This way you are acknowledging your bad behaviour but also acknowledging the fact that she didn't do this - you are remembering something positive about her from that time. I'm always thrllled when people people remember something good about me from that terrible time.
posted by witchstone at 7:03 PM on February 12, 2010 [8 favorites]


I was never really a bully, but I do remember occasionally making fun of one girl in elementary school, and I regret that. She was one of those odd kids who always stuck out in a bad way and got made fun of by a lot of people. If she added me on Facebook and didn't say anything about my being a jerk, I'd probably just accept the request and occasionally give nice responses to her posts and hope she understands by now that kids can really suck. If she approached me about it or otherwise seemed still hurt by it (I don't really remember anything specific aside from maybe saying she was a martian, but whatever it was wasn't nice), then I'd make my feelings clear, that I am horrified by the fact I used to talk to her like that and I am sorry. But I wouldn't take the first step in that case, and I don't think I was a star player in terms of people who were mean to her at one time or another.

On the other hand, there were a couple unrelated people who were really mean to me around the same age, and I would appreciate an apology from either of them. One guy especially was really cruel to me and one of my friends in 9th grade. Neither has ever contacted me, and I'm ok with that too. If one of them tried adding me on Facebook, I wouldn't accept it unless it came with a message saying, "Hey, I'm sorry I was such a jerk to you in school. I think about it sometimes and I feel really bad about it." That alone would be really nice to hear, and I would no longer resent them as I know how it feels to be both the jerk and the jerked.
posted by wondermouse at 7:27 PM on February 12, 2010


it's somewhat insulting to them to assume that they are still feeling wounded by it.

True, and this is the reason I suggested something like "You may not even remember me, but I remember you" -- letting them know you don't assume they're still feeling wounded by it, and acknowledging that it's still important to you.
posted by davejay at 7:31 PM on February 12, 2010 [1 favorite]


I realized that while I told my own bully/bullied stories in my post, in neither case did I actually hang out with the people I made fun of or who made fun of me. We were never friends, and I wouldn't have dreamed of hanging out with a girl I thought was really mean to me. I hated girls that were mean to me. The fact that she remained in your circle of friends, despite the mockery, makes me think that she might be sort of oblivious to the fact that you were mean to her.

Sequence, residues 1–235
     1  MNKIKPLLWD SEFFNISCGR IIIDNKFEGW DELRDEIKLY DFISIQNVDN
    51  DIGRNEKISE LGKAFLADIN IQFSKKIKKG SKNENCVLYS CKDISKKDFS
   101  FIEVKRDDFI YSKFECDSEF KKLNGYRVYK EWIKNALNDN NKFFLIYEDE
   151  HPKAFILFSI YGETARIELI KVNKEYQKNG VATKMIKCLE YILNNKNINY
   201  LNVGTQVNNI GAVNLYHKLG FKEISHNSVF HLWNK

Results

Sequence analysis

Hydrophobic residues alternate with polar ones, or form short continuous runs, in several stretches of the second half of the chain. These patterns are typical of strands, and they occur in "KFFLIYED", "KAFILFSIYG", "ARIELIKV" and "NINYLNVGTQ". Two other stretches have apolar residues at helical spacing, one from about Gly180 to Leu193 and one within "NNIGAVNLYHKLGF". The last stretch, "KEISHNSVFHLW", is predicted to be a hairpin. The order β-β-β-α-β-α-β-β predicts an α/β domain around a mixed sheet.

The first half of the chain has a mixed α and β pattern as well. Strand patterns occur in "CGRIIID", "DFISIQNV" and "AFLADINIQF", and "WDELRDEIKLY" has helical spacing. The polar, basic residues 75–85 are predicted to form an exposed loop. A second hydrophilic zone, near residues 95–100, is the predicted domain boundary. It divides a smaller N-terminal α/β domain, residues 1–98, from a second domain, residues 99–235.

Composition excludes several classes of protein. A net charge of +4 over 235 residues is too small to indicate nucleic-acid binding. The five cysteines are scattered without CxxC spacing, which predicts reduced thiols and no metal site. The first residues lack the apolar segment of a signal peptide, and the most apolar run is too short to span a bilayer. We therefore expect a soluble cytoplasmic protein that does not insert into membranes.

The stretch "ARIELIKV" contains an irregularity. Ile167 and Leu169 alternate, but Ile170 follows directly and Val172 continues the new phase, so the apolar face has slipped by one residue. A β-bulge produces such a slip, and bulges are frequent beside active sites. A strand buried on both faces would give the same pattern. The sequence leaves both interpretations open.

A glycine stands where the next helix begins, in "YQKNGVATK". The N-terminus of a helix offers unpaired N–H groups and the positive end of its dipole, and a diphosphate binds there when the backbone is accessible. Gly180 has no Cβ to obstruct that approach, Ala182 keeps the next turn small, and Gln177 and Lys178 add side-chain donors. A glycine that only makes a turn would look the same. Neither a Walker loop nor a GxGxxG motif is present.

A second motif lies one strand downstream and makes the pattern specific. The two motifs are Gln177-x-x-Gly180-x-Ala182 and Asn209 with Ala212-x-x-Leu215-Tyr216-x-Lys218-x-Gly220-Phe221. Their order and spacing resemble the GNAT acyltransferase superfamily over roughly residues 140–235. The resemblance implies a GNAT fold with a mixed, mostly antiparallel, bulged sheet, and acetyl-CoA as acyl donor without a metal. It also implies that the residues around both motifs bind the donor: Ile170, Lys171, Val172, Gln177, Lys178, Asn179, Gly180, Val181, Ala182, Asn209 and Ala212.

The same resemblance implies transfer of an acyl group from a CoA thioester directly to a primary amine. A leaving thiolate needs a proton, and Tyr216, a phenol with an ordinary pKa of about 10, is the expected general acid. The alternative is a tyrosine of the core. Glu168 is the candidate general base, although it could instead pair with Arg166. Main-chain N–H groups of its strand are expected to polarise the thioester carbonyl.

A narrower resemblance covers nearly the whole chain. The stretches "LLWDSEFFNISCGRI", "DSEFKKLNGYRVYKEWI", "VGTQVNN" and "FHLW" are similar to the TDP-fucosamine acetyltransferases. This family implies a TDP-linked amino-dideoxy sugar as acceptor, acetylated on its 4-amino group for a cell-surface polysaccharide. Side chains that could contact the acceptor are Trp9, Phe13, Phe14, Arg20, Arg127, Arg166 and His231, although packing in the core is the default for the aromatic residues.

Is it possible, since she was such a sweet person and hung out with you guys even though you were mean to her, that she didn't ever really think you were mean to her or just thought it was a normal part of hanging out with the girls?

This might be one of those cases where it's best to leave well enough alone, unless she brings it up. Just be nice to her now, and treat her the way you think she should be treated.
posted by wondermouse at 7:48 PM on February 12, 2010


One- or two-time incidents can be forgotten. Most people who were bullied for months or years (and aware of it) don't think about it often, but I don't personally know any who have really forgotten. Getting a simple, sincere apology from someone who made my life difficult ten years ago would mean a lot to me. Maybe I'll feel different in another twenty years.

Most of the people I went to high school with are Facebook friends with a hundred or more other classmates whether they like(d) them or not. People want to stay informed. It doesn't necessarily indicate "getting over it."
posted by hat at 8:32 PM on February 12, 2010


A friend apologized to me via Facebook for how she treated me over ten years ago and it actually made me feel a lot better. I think you should do it.
posted by Nattie at 8:37 PM on February 12, 2010


I tried to read all of these, but did not, so if this has been said before, I apologize.